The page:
Everybody wants to grow the best beetroot, the dark red fruit which is famed for its use in salads, but offers far more in the way of versatility than just boiling and slicing and serving with lettuce leaves.
Beetroot is a fantastic crop that is also beginning to gain the reputation as a superfood. It is claimed that it can lower blood pressure and prevent dementia, and is also good for digestive problems.
A healthy reputation is not new to this bold vegetable, as the root has been used in historical medicines to treat fever and constipation, whilst the leaves were traditionally used as the edible vegetable.
How To Grow Beetroot:
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Beetroot is pretty unfussy about the soil, and as long as there are sufficient nutrients and the soil is free draining and not too acid, you should have no trouble growing beetroot.
In a good rotation plan, the root crops follow the alliums and cucurbits. These groups include vegetable plants like pumpkins and courgettes which can demand a lot from the soil, and as the roots include the potato, which is another hungry crop, we do tend to manure this part of the garden quite heavily.
This means that there is never an issue with nutrients and drainage, but there could be an issue with acidity, so it is definitely worth checking, and if needs be, addressing the problem with a light treatment of lime.
Beetroot seeds are a little unusual as they come in clusters, so there is always a need to thin out seedlings as they grow, that is, unless you buy monogerm type seeds.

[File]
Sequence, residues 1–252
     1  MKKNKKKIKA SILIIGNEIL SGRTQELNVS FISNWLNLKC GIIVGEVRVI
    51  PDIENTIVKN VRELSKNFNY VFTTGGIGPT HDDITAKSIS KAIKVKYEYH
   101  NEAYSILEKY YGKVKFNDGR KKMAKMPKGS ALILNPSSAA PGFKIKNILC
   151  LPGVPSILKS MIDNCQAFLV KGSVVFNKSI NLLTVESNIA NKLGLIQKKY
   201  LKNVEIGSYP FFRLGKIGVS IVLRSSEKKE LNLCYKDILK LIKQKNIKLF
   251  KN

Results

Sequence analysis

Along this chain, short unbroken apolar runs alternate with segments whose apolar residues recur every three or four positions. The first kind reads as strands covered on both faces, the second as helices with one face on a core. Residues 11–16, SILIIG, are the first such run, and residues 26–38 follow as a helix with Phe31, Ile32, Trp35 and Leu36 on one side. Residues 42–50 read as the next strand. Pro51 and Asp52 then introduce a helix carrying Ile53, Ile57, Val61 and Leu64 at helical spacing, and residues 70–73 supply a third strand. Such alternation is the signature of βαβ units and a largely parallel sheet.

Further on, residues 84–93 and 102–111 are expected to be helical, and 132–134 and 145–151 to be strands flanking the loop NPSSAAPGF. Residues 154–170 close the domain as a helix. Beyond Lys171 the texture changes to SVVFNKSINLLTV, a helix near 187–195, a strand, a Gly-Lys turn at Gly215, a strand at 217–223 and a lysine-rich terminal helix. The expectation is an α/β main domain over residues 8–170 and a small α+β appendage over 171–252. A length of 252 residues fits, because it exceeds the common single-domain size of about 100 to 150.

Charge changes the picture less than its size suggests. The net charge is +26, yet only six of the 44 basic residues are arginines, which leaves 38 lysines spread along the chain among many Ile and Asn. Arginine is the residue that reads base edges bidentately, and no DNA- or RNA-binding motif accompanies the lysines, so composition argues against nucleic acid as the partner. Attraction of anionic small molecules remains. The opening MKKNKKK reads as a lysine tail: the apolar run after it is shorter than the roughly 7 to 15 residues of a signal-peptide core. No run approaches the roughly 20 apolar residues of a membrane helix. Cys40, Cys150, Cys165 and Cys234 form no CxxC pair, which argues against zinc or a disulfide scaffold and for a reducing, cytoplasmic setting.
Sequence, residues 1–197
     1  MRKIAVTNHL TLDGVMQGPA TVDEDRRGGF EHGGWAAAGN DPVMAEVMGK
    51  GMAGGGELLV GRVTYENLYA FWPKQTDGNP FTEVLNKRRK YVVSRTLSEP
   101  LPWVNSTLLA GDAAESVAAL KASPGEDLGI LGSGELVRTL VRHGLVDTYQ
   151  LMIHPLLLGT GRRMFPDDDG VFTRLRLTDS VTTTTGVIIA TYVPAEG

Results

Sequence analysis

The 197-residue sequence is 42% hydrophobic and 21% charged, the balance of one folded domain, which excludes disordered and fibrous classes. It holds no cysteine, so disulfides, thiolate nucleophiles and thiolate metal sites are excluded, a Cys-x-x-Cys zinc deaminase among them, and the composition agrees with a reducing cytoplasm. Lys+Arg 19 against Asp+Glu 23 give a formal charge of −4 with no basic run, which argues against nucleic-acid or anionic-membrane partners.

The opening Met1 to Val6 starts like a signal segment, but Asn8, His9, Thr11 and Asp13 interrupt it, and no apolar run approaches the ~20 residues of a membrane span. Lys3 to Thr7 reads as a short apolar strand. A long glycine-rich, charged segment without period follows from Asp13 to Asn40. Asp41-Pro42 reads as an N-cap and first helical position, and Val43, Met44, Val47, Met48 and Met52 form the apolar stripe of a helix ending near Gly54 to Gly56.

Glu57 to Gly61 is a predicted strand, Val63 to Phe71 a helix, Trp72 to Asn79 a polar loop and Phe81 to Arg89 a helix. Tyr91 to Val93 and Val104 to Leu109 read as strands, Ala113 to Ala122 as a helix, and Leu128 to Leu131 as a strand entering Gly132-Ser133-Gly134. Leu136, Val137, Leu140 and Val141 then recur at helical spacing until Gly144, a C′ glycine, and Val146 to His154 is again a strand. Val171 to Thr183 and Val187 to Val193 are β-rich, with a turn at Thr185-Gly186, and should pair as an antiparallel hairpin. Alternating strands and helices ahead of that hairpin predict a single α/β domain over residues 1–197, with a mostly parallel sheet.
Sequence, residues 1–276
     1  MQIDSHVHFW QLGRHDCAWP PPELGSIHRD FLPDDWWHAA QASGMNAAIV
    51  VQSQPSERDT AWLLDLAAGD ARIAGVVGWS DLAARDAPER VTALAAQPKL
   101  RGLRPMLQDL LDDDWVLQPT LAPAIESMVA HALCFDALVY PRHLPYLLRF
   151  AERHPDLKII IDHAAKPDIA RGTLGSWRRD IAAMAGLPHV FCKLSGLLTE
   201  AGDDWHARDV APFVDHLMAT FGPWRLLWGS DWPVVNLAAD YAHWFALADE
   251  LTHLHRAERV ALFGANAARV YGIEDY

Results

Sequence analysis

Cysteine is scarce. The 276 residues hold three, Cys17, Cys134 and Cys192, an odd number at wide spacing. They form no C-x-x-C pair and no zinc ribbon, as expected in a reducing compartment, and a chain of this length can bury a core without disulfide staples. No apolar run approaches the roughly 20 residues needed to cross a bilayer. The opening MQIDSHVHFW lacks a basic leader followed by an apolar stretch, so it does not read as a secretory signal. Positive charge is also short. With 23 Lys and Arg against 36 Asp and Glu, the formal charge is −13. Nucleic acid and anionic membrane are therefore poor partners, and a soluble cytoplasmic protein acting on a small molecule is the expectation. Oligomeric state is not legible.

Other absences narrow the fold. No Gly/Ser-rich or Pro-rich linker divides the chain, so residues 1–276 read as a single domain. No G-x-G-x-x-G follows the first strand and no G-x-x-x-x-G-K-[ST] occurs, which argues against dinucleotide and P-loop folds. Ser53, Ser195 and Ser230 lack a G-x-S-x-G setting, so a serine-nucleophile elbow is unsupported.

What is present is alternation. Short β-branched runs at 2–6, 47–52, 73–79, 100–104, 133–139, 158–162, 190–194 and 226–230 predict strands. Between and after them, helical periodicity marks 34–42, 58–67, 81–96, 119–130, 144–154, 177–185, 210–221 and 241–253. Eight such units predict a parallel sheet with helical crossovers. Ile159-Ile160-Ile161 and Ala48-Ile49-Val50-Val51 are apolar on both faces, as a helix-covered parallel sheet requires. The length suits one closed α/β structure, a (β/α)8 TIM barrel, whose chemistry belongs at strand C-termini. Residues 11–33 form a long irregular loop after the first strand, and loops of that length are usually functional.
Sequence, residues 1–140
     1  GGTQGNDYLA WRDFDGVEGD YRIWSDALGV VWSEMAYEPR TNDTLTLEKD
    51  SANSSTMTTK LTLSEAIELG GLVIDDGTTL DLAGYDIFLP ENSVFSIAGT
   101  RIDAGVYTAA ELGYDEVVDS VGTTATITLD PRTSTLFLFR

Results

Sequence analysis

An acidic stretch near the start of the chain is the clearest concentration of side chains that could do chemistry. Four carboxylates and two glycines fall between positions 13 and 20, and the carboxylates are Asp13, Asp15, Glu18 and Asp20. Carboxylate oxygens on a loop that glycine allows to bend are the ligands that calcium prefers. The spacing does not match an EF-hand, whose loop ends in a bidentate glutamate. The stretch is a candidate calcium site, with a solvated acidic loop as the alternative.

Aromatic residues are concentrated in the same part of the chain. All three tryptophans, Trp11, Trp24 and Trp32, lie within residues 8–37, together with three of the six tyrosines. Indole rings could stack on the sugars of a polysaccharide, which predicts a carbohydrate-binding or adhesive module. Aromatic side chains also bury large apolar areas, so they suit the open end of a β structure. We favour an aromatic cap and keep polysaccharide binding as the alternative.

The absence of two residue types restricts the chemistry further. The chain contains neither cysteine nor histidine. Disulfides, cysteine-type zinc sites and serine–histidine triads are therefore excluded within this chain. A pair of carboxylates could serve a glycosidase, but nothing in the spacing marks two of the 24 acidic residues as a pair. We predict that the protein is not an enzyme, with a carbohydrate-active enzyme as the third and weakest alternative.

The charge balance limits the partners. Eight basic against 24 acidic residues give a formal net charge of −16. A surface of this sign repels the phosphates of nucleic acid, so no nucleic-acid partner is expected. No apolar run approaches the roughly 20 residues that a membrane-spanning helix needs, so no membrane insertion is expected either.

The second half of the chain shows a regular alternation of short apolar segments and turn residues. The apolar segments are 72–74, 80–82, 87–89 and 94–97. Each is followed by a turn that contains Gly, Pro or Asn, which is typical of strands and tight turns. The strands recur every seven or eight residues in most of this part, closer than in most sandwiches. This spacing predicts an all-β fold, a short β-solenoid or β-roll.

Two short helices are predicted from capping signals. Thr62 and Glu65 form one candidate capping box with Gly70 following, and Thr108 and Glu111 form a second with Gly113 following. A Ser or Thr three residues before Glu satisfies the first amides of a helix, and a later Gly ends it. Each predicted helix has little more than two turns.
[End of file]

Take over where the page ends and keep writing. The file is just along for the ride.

Sow seeds directly, at a depth of about 3cm, in rows 30cm apart, and then thin to a spacing of 10cm.
Traditional varieties of beetroot did tend to develop white rings inside, and would often bolt, these days, neither of these problems are that common.
But do not think that you are limited to just red globed beetroot as you can now get yellows and whites as well as cylindrical shaped beetroot.
Beetroot is a trouble free vegetable that does not have any particular pest or disease. The only thing that is worth noting is that the plant can get a bit woody if allowed to dry or if they are left too long, and in a prolonged wet season they can attract a bit of mildew.
Pretty much, as long as the soil is free draining, the plant is watered in dry spells and kept weed free, you should have no problems.
Harvesting beetroot is very easy, simply pull the root when it is golf ball sized. You can also pick young leaves that make a good addition to mixed salad leaves.
As we have said, don’t just think beetroot is to be boiled, cooled and sliced with salad, as it is much more versatile.
Beetroot makes a great soup, going particularly well with parsnip in a beetroot and parsnip soup, or standing well alone as a creamy beetroot soup.
it can also be used in main courses with smoked dishes, steaks, burgers and risottos.
Beetroot is fantastic in winter tarts, or as a roasted veg, also as a dip, a chutney and a relish. It makes a great detox smoothy, and can be mixed with mash potatoes or pasta to accompany a wide variety of dishes.
Beetroot can also be used in baking, making great muffins, cupcakes, sweet pies and steamed puddings, it even makes a great wine!